Bourgeois Brief: Hip Hop is banned in China, A casting shakeup on the set of The Hate U Give, and more
Your daily dose of art, news, and pop culture headlines, and a signal boost for creators of color.
Chinese Government Bans Hip Hop?
That’s right—the State Administration of Press, Publication, Radio, Film and Television of the People’s Republic of China (SAPPRFT) has banned hip hop culture, and people with tattoos, from Chinese television. Allegedly, the culture doesn’t align with traditional Chinese morality and values. Find out what key players in the Chinese music industry are saying at Billboard.
Bruno Mars Wants Some Hip Hop At Next Year’s Super Bowl
With this year’s Super Bowl barely in our rear view, people are already buzzing about next year’s halftime show. The game will take place in Atlanta, home to many hip hop greats, and recent Grammy winner Bruno Mars wants the NFL to pay homage. Will they oblige him? Read Bruno’s tweets below.
Kian Lawley fired from The Hate U Give
The Hate U Give, the big screen adaptation of Angie Thomas’ blockbuster YA novel, is poised to be a major hit. But not everyone from the original cast will make it to post-production. YouTuber Kian Lawley was fired after videos surfaced in which he made racist jokes. His role is being recast, and his scenes are being reshot. Get the full scoop at Vulture, and find out more about the videos at Hollywood Reporter.
Travis Scott Riot Charges Dropped
Travis Scott is having a great week. The rapper was cleared of charges stemming from a 2017 concert in which several people were injured. He was accused of inciting a riot. However, he still faces a pending lawsuit from a fan who claims he was paralyzed at one of Scott’s shows. In other Travis Scott news, he and girlfriend Kylie Jenner welcomed a baby girl this week. Read more at SPIN.
In This Week’s Black Panther News…
Variety profiled Black Panther director Ryan Coogler and star Chadwick Boseman about the upcoming action film. In the article, the two discuss the way the film will impact culture and movie history. Coogler, who first found massive commercial success with Creed, is hopeful about the future of creators of color in Hollywood: “I hope things continue to open up. As more content gets made, more opportunities like ours can come about for folks. But you’ve got to put your foot on the gas when it comes to that or things can go back to where they were.” Read the full interview here.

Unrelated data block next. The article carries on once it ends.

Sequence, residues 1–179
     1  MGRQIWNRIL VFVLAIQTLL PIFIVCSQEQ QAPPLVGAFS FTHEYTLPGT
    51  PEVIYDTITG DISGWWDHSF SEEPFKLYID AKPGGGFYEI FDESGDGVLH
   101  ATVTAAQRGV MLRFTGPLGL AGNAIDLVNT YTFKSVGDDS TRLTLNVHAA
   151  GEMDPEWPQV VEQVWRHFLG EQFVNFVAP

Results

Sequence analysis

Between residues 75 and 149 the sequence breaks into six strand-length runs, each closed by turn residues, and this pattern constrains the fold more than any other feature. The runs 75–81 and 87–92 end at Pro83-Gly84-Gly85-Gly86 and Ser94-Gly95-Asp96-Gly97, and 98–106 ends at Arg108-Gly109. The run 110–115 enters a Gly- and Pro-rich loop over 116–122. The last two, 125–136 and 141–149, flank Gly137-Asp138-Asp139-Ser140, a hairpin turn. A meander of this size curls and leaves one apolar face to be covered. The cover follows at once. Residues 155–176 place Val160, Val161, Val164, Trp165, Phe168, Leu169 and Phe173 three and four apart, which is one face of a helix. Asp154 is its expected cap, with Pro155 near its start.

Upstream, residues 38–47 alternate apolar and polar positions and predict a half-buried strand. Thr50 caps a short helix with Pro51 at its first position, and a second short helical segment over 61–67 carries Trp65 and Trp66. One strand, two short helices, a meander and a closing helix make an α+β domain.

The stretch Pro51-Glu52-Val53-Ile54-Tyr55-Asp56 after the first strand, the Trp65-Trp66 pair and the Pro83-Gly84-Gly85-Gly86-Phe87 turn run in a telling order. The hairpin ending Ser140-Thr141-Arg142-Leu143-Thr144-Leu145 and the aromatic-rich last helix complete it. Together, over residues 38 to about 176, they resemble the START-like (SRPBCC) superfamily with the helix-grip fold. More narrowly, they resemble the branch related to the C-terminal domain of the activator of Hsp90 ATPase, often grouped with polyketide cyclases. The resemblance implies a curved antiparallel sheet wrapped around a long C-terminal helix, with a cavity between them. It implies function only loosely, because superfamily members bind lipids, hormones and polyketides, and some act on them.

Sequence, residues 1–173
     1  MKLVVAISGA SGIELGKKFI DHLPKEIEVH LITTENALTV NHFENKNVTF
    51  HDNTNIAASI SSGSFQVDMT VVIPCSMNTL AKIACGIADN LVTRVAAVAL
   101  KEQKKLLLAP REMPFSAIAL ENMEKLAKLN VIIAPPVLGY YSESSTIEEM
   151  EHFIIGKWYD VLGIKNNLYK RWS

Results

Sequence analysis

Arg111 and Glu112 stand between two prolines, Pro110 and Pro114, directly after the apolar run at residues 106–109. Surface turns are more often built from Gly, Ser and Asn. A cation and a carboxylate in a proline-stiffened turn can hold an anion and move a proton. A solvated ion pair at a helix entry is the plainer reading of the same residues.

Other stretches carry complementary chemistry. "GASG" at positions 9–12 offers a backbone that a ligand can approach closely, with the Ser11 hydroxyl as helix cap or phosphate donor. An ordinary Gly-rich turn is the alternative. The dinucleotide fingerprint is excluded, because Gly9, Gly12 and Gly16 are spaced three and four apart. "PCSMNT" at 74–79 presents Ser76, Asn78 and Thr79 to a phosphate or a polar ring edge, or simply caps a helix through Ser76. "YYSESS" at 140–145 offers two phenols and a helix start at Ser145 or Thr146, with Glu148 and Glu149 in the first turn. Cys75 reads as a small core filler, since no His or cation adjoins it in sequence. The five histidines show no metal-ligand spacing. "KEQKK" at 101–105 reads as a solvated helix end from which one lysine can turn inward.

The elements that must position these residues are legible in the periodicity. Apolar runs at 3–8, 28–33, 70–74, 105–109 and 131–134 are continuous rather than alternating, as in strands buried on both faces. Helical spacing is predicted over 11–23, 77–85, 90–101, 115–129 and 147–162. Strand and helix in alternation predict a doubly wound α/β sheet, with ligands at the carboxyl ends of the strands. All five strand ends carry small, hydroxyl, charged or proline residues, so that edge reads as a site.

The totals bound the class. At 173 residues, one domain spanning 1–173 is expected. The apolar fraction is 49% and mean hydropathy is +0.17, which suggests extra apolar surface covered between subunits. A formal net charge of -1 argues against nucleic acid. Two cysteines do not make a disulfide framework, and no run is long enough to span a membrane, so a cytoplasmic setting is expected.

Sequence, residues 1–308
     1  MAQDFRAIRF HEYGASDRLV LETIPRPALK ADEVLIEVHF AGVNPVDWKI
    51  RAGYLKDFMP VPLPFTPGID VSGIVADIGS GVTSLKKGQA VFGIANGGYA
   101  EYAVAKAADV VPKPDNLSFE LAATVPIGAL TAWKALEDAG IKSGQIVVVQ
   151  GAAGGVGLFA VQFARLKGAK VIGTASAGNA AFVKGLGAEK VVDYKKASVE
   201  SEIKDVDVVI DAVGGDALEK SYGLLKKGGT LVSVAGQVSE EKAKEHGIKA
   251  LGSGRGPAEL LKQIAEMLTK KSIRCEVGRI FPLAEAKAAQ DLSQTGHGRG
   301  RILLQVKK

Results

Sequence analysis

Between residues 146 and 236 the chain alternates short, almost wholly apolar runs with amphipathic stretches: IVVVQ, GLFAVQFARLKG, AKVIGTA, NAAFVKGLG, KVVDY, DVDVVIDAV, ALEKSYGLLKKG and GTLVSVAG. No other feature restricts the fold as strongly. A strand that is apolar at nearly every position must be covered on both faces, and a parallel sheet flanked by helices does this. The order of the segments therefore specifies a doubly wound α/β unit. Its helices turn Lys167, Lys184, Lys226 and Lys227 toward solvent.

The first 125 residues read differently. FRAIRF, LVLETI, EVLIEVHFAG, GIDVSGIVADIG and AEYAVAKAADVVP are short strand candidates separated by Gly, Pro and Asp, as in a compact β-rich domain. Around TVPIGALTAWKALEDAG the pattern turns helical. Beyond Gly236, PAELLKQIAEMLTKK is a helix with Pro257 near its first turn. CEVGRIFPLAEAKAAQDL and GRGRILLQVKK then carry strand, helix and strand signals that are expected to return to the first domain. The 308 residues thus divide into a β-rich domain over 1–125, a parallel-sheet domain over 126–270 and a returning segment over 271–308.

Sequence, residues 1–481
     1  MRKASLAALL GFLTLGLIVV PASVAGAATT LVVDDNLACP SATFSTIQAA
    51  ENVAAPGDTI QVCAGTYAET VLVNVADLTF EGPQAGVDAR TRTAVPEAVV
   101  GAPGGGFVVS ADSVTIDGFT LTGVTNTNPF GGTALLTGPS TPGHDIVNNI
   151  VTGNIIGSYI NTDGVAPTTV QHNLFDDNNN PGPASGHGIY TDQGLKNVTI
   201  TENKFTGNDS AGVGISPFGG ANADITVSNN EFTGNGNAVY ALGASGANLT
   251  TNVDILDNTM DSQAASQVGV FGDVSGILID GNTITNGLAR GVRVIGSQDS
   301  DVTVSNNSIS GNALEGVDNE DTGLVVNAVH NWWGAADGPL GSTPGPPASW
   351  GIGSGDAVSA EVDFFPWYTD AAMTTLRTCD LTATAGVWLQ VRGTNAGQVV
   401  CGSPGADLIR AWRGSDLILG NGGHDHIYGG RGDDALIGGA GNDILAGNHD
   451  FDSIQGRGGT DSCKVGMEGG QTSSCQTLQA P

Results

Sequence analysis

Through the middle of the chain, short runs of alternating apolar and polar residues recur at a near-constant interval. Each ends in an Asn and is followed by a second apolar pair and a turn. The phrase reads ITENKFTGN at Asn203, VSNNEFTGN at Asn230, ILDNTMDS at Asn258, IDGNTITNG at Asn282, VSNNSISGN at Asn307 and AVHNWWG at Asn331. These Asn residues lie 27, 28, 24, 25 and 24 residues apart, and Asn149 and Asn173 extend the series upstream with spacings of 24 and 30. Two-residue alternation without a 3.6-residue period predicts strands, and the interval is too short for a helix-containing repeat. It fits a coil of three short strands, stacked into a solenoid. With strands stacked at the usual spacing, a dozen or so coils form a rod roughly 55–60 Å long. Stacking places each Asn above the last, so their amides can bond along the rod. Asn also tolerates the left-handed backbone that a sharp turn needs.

In case you missed it…
Meek Mill shouts out the Eagles’ Super Bowl win from prison [Pitchfork]
Producer Andreao “Fanatic” Heard Pays Tribute to Leah LaBelle [Billboard]
Food for thought
Ijeoma Oluo’s book, So you want to talk about race, is making waves. Chicago Now’s Kelly Konrad offers a poignant review:
“Oluo covers a lot of territory in breaking down conversations about race, and reminds us interested enough to take the plunge that it.will.not.be.easy. It is not supposed to be. Race is a subject that incites powerful emotions, especially when you find yourself almost immediately in defensive territory, because, well ... you might be racist.
Oluo lets you know — yes, you will mess it up. But that's OK. You can try again. To move forward, we need to get uncomfortable. This book offers concrete suggestions about how to make those conversations work. How to set boundaries. What to ask, what not to ask.”
Read the full review here.
And buy the book at Amazon.